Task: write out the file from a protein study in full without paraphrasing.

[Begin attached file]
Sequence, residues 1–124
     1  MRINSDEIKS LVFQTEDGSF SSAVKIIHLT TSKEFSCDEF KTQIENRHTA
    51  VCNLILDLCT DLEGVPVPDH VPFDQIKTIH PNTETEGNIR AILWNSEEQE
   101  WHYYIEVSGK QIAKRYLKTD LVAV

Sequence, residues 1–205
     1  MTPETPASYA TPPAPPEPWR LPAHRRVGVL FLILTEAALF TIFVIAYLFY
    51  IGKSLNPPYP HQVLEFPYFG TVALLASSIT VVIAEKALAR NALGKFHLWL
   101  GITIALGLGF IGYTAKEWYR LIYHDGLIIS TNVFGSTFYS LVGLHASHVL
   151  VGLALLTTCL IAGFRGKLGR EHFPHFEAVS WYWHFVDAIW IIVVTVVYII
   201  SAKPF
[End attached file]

Sequence, residues 1–124
     1  MRINSDEIKS LVFQTEDGSF SSAVKIIHLT TSKEFSCDEF KTQIENRHTA
    51  VCNLILDLCT DLEGVPVPDH VPFDQIKTIH PNTETEGNIR AILWNSEEQE
   101  WHYYIEVSGK QIAKRYLKTD LVAV

Sequence, residues 1–205
     1  MTPETPASYA TPPAPPEPWR LPAHRRVGVL FLILTEAALF TIFVIAYLFY
    51  IGKSLNPPYP HQVLEFPYFG TVALLASSIT VVIAEKALAR NALGKFHLWL
   101  GITIALGLGF IGYTAKEWYR LIYHDGLIIS TNVFGSTFYS LVGLHASHVL
   151  VGLALLTTCL IAGFRGKLGR EHFPHFEAVS WYWHFVDAIW IIVVTVVYII
   201  SAKPF